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Ms. Hester is Content Specialist with Contemporary OB/GYN and Contemporary Pediatrics.
The US Preventive Services Task Force (USPSTF) has issued draft recommendations that highlight the need for further evidence on the efficacy of hypertension screening in pediatrics.
Hypertension can have a significant impact on health and the guidelines on whether to screen for hypertension in children and teenagers can vary depending on the organization. A draft recommendation from the US Preventive Services Task Force (USPSTF) states that the evidence to support hypertension screening and the balance of harms and benefits can’t be determined.1 The recommendation is open for comment until May 18, 2020.
Investigators looked at 42 studies on pediatric hypertension. One fair-quality study examined the accuracy of hypertension screenings. Twenty studies looked at the link between hypertension in childhood and hypertension in adulthood, which was confirmed in spite of different definitions of elevated blood pressure in children and hypertension in adults. Twenty-one studies examined treatment of hypertension in children. All the studies showed that pharmacologic treatments reduced systolic and diastolic blood pressure, but the difference did not always reach statistical significance. Three studies looked at the impact of diet or exercise on reducing hypertension. Dietary changes only lasted as long as the intervention continued and the benefit of exercise on systolic blood pressure was seen only when the intervention period was 8 months, not when the intervention period was shorter.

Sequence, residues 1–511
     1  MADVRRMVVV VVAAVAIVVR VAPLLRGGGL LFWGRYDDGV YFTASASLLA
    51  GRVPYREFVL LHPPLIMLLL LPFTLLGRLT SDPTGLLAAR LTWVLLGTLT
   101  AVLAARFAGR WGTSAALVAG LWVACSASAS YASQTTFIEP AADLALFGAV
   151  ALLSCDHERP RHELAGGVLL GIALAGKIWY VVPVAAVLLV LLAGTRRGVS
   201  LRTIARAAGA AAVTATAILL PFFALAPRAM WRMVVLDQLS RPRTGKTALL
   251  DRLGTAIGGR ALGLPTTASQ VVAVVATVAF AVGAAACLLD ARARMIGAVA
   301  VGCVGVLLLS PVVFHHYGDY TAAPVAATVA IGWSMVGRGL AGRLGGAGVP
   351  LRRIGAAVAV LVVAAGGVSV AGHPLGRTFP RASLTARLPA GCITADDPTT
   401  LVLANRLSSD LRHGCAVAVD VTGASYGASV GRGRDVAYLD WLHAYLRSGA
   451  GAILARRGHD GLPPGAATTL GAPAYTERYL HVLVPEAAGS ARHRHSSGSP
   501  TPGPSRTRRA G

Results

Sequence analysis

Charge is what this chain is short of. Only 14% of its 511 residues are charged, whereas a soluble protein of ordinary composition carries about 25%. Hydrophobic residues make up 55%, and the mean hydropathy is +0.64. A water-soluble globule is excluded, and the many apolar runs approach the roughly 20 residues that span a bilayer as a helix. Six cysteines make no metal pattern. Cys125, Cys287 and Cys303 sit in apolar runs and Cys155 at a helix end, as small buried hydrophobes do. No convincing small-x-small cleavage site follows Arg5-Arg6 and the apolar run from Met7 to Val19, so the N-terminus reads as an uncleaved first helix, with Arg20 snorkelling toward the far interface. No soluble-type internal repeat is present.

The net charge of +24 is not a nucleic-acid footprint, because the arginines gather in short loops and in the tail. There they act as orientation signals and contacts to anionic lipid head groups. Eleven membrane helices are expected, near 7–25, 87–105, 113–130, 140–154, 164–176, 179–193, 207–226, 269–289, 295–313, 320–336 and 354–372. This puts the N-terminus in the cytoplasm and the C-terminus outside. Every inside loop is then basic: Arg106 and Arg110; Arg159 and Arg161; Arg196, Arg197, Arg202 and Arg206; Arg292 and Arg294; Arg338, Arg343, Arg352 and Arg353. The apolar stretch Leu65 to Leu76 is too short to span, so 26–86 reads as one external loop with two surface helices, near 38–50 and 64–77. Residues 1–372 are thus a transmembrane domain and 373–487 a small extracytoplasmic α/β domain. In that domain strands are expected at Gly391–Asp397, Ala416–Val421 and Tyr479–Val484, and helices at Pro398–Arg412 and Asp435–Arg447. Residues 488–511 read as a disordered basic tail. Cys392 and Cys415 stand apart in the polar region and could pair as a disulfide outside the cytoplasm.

Using this literature review, the USPSTF had the following conclusions:
· Inadequate evidence exists that supports the accuracy of high blood pressure in children and adolescents.
· No direct evidence shows that screening for high blood pressure delays or reduces adverse outcomes.
· Adequate evidence supports the longitudinal association between high blood pressure in children and adolescents and high blood pressure and other outcomes in adults.
· A lack of evidence exists that supports the long-term effectiveness of all intervention in treating high blood pressure in the pediatric population.
· There is inadequate evidence supporting the effectiveness of high blood pressure intervention in pediatric care resulting in reduced adverse outcomes tied to high blood pressure in adulthood.
· Not enough evidence exists to assess the potential harms caused by screening children and adolescents for high blood pressure.
· There is not enough evidence to assess the potential harms of inventions for treating high blood pressure in children and adolescents.
1. US Preventive Services Task Force. Draft Recommendation Statement: High blood pressure in children and adolescents: screening. Published April 21, 2020. Accessed April 23, 2020. https://www.uspreventiveservicestaskforce.org/uspstf/document?DOC=draft-recommendation-statement&TOPIC=high-blood-pressure-in-children-and-adolescents-screening-2020#tab